Show of HandsShow of Hands

veritas1 April 23rd, 2016 12:18am

It's easy to identify who is hurt by free trade agreements but the benefits are far more broadly spread across a larger number of people, which makes forming anti-trade coalitions easy & pro-trade messages harder, regardless of the economic reality.

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OhTheIrony Learning from you
04/23/16 11:50 am

Agree, well said. I believe the anti-free trade movement from the left is harmful to global economic prosperity.

However, I think it is important to recognize that there are some potential benefits of using protectionism as leverage against other countries.

If the US had no tariffs on foreign goods entirely, free trade negotiations wouldn't exist and the US wouldn't have nearly as much bargaining power to establish labor standards and worker's rights in other countries. The US would have rely on sanctions, which are not ideal because they cause international backlash and prevent the countries affected from modernizing and growing (See:Iran).

So yes, free trade is ideal, but I think there is some level of utility to be gained by implementing economic barriers in moderation. Unfortunately, the arguments that I usually hear in opposition to free trade are not this nuanced and often are just blind opposition to what they feel is unregulated corporatism.

JHawk3205 MD
04/23/16 10:58 am

The benefits come at a greater cost at some point or another. You look at globalization and you can see how maybe a bunch of starvation wage employees can work in truly unsafe conditions for long hours, feeding our

JHawk3205 MD
04/23/16 10:59 am

Mass consumerism machine, but it still comes at a cost, whether it's in US jobs, or environmental impact. We absolutely have the power to have trade deals that can be beneficial, but corporate greed had that tendency to cut

JHawk3205 MD
04/23/16 11:01 am

Corners if the deal doesn't benefit the companies involved. Nobody cares about the workforce or what they have to deal with, so cut funding. Anything to protect profit margins and risky short term investments..

EquaISideEcon more conservative than u
04/23/16 2:15 pm

Hypothetically of the company leaves the area of the low income earner how do they make up for lost income?

JHawk3205 MD
04/24/16 1:22 am

It depends on how you mean that, in regards to who exactly is getting the money. Do you mean profits to appease shareholders, or for just the executives in the company, or the company as a whole?

JHawk3205 MD
04/24/16 1:23 am

Using quarterly sales analysis has been shown to be overtly costly and time consuming, while not necessarily delivering much more than what can be achieved in larger time intervals. Many companies are tremendously wasteful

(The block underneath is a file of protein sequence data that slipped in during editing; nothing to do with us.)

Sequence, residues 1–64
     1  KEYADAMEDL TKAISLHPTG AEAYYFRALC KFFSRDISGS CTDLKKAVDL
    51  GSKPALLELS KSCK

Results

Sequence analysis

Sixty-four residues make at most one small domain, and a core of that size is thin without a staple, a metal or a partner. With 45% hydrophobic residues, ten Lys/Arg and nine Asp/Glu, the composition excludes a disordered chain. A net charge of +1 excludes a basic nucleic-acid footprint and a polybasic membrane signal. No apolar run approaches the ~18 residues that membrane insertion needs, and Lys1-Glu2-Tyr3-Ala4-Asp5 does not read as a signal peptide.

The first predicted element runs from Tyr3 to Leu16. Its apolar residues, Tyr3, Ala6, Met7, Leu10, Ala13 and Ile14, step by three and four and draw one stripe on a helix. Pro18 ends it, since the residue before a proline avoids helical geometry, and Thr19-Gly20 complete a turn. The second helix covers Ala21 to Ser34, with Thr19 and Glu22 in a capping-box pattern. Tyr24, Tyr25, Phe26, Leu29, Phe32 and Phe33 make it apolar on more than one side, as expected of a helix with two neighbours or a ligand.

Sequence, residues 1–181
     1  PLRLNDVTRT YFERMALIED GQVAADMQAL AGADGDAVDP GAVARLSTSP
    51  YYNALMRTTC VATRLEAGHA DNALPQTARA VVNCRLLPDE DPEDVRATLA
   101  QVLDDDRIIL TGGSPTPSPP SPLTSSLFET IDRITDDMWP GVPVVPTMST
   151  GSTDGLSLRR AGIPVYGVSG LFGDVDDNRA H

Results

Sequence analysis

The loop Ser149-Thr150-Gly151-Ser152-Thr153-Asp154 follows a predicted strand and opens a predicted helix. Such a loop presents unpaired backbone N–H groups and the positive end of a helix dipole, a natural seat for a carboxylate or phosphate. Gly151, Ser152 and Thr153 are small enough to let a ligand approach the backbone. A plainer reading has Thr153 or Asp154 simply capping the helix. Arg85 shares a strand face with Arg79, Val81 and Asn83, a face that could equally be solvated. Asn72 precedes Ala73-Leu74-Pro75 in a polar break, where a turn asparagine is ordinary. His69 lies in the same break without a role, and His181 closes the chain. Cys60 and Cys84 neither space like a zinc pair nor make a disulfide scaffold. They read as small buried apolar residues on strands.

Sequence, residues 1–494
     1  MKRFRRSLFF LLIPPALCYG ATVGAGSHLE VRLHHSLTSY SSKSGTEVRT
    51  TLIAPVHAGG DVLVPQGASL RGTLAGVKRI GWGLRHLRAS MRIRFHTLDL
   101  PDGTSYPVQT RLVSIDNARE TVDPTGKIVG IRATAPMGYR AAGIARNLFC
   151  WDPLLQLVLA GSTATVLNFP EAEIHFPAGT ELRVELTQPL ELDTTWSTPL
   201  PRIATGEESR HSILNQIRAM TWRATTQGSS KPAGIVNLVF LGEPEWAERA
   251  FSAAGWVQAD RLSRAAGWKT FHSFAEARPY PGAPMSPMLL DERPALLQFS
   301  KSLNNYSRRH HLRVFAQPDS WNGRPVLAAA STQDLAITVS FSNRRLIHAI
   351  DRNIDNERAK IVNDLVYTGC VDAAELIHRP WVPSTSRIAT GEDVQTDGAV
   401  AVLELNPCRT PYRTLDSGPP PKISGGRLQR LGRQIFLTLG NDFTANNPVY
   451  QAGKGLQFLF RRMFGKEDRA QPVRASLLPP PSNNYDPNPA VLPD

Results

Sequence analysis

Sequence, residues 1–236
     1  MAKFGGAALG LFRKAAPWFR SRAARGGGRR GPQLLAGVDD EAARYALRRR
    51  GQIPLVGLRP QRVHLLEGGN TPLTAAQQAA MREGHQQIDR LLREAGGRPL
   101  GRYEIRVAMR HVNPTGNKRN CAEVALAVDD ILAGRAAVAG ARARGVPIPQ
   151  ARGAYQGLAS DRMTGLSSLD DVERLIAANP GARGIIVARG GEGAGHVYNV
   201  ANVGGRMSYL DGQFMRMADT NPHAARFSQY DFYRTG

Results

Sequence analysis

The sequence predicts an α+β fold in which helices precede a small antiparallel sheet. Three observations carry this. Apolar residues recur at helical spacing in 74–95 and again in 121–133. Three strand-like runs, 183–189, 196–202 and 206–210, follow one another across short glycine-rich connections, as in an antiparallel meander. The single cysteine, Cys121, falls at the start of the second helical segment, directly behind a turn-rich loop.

JHawk3205 MD
04/24/16 1:25 am

Of one resource or another, and usually for very extended periods of time. Often times money is huddled together at the top, when it should be more evenly spread. This comes back to the idea of investing in the workforce. It saves money

JHawk3205 MD
04/24/16 1:26 am

On hiring costs, training costs, because of lower turnover rates, so you have more experienced employees, who are much more likely to be happier, more productive employees, who do better at their jobs, compared to people making

JHawk3205 MD
04/24/16 1:27 am

Starvation wages. If done across the board, you have more people with more spending power (discretionary), low income earners already spend most of what they earn, and that generates more sales, creating higher demand.

JHawk3205 MD
04/24/16 1:29 am

Plus, it generates more tax revenue thru sales, and higher income tax, and decreases spending on government assistance programs, all with negligible (natural) inflation. There are more than enough ways to save money, or make up

JHawk3205 MD
04/24/16 1:30 am

What's lost, but quarterly reports just show how companies operate in the short term, ad mostly to appease shareholders, instead of investing in a sure long term bet, that gives higher steady economic stimulation

EquaISideEcon more conservative than u
04/24/16 8:45 pm

I'm not sure I'm following your answer. If a company paying "starvation wages" in low income country how do the former employees make up the income they lose?

JHawk3205 MD
04/25/16 10:37 am

Former employees as in people who lost jobs to outsourcing, or something else?

Squidboy Snarkapottamus
04/23/16 5:18 am

We really can't afford protectionism anymore it's a moot point. Free trade has benefited me personally by providing access to cheaper products. I've also adapted my career to work with multi-national companies. I work in sales and probably 80% of my income is from selling to US companies with foreign workers. I've managed to make free trade pay off handsomely for me.

04/23/16 4:33 pm

Good for you. I'll be sure to tell all the laid off factory workers about your success to cheer them up.

Squidboy Snarkapottamus
04/23/16 5:41 pm

Tell them this.....I'm on my 3rd career. My military career effectively ended when the Soviet Union fell and I took an early discharge. The Internet killed my journalism career pretty quickly. I looked around to see what was next. NAFTA, ecommerce, the Internet, and started over. I didn't sit around complaining about something that was gone and not coming back. It was difficult and humbling....and worth the effort.

04/24/16 6:19 am

That really is impressive. Not everyone can do that though unfortunately.

MurrayHitchens The Truth Wins Out
04/22/16 8:54 pm

Yep, diffuse costs and concentrated benefits makes way for protectionism along with a few other things.

Amaranth Iowa
04/22/16 7:14 pm

Agree, but only with respect to truly free trade agreements. Not this Nafta and Tpp bullshit.